Canadian partnership against cancer
French Version
In Brief
June 24, 2015
Number of Canadians walking, biking to work or school stalls at 22%
2015 edition of Canadian Cancer Statistics predicts surge in age-related cancers Only one in five Canadian adults walk or cycle to school or work, a figure that has remained unchanged since 2007, according to the 2015 Cancer System Performance Report, the sixth annual report from the Canadian Partnership Against Cancer measuring cancer system performance across the country.

Regular physical activity can help protect against colon cancer and is potentially protective against post-menopausal breast cancer and endometrial cancers. Regular physical activity can also help prevent obesity, which is a risk factor in several other cancers, including those of the colon, rectum, breast, endometrium, pancreas and kidney, and other chronic diseases such as diabetes or cardiovascular disease. Read more...
ParticipACTION report card gives A- grade to non-governmental organizations for enhancing physical opportunities for children and youth
The 2015 ParticipACTION Report Card on Physical Activity for Children and Youth gives non-governmental organizations (NGOs) an A- grade for enhancing physical opportunities for children and youth in Canada. The report card recognizes the Partnership and other NGOs like the Heart and Stroke Foundation of Canada for work on policy development and knowledge translation activities to support active transportation, such as walking, biking, or taking transit to work or school.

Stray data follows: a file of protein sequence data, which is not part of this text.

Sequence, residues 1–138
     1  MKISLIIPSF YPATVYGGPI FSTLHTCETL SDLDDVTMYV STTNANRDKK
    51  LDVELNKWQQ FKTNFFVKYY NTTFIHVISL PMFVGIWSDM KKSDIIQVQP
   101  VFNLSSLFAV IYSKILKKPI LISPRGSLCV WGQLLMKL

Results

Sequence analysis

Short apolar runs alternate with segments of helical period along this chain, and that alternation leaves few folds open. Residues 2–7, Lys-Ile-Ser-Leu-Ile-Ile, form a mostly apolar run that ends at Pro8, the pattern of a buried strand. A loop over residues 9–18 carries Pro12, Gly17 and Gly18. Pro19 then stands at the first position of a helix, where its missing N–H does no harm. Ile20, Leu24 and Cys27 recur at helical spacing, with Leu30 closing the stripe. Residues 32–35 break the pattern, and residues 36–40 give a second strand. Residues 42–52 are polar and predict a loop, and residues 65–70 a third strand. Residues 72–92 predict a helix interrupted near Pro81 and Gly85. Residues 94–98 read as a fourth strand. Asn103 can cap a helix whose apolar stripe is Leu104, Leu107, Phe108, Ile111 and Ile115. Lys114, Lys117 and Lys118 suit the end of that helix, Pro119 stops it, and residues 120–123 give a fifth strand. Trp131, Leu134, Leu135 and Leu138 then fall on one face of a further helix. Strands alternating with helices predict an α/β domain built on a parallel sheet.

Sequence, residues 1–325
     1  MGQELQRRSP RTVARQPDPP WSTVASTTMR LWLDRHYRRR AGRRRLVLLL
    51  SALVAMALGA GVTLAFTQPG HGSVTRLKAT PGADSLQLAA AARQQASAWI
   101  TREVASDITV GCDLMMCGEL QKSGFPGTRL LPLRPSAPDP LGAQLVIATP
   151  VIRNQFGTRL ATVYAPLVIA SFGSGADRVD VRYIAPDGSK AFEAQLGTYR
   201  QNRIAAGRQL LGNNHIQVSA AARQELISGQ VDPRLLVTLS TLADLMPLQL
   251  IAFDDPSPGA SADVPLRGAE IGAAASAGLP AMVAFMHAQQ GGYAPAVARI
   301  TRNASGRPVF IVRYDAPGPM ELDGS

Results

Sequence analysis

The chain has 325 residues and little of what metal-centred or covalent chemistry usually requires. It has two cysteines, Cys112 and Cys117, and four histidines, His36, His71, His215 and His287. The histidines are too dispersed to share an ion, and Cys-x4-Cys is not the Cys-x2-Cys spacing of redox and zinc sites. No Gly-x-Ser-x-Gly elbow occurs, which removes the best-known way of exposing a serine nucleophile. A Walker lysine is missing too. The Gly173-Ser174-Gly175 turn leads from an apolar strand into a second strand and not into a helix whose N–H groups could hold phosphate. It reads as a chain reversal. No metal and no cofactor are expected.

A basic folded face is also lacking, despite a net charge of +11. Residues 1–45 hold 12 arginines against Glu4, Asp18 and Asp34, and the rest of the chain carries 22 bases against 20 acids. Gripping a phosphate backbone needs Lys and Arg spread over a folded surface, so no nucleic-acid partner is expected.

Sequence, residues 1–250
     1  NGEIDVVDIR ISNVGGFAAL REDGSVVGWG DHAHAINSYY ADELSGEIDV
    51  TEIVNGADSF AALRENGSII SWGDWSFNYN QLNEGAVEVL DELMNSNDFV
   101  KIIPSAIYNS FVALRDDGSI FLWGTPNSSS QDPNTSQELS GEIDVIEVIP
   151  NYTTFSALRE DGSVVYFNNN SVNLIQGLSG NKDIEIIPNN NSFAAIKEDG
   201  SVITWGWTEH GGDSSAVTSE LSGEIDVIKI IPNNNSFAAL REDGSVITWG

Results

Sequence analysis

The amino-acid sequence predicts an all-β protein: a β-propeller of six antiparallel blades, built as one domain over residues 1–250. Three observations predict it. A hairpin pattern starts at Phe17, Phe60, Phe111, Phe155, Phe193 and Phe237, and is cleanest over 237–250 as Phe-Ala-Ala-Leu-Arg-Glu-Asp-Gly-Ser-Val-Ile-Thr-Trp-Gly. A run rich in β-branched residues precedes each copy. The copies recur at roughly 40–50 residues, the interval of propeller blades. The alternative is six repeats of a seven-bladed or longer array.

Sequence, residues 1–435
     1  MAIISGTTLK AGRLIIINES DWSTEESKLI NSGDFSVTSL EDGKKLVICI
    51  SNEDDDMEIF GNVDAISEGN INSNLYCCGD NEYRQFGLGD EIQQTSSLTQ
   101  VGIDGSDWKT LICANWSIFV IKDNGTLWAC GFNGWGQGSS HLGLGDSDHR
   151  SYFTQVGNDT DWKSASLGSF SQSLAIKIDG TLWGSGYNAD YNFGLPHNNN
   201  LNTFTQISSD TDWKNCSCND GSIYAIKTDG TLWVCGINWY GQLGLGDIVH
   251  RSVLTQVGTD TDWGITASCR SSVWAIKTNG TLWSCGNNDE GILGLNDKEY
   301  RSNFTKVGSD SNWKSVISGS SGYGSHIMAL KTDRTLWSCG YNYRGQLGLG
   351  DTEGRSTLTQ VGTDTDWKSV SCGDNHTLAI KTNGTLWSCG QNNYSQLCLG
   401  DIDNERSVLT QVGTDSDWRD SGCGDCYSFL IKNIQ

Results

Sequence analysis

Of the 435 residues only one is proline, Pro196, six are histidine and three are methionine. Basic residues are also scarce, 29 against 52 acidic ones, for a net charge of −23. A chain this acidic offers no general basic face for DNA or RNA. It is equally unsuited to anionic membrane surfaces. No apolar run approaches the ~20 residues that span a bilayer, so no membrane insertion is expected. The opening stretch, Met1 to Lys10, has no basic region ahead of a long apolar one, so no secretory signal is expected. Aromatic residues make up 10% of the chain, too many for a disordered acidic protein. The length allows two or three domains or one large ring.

The Partnership has supported efforts to increase active transportation in Canada in a variety of ways including funding two Coalitions Linking Action and Science for Prevention (CLASP) projects. The Children's Mobility, Health and Happiness project focused on increasing the number of children engaging in daily physical activity by promoting active transportation as a way for elementary schoolchildren to get to school. Healthy Canada by Design, now lead by the Urban Public Health Network, has been a partnership of national health, planning and transportation organizations, regional and local health authorities, NGOs and university researchers collaborating to create healthy communities that support active transportation and physical activity.

The Partnership also supports the development of evidence-informed active transportation policies in Canada. It has developed a number of policy tools to support professionals, including the Prevention Policies Directory, collaborative municipal and provincial/territorial policy maps, and policy case studies on active transportation.

The ParticipACTION Report Card on Physical Activity for Children and Youth is the most comprehensive assessment of child and youth physical activity in Canada.
Unprecedented collaboration among Canada's cancer community highlighted at Longwoods' Breakfast with the Chiefs
Unprecedented collaboration is taking place among Canada’s cancer community to implement the national cancer strategy and reduce the burden of cancer on Canadians. Shelly Jamieson, CEO, Canadian Partnership Against Cancer, highlighted key successes of this collaborative approach in an interview with Terry Sullivan, the Partnership’s Expert Lead for Quality Initiatives, at Breakfast with the Chiefs on May 14, 2015. A video of the interview is available online.

Longwoods' Breakfast with the Chiefs is an educational session that provides invited "Chief Executives" the opportunity to share new ideas, policies and/or best practices with colleagues.
Visit, our online hub for Canadian cancer evidence, policy and practice.
More than 1 in 3 Canadians will be diagnosed with cancer in their lifetime. Our digest, 1 in 3, makes the connection between the latest cancer evidence and what it means in practice.
cancerview digest
Twitter Facebook Youtube
The next In Brief will be
published in July.
Canadian Partnership Against Cancer 1 University Ave. Suite 300 Toronto, Ontario M5J 2P1 Canada

To remove your name from our mailing list please click here. Privacy policy. Subscribe

Production of this publication has been made possible through a financial contribution from Health Canada, through the Canadian Partnership Against Cancer. The views expressed herein represent the views of the Canadian Partnership Against Cancer.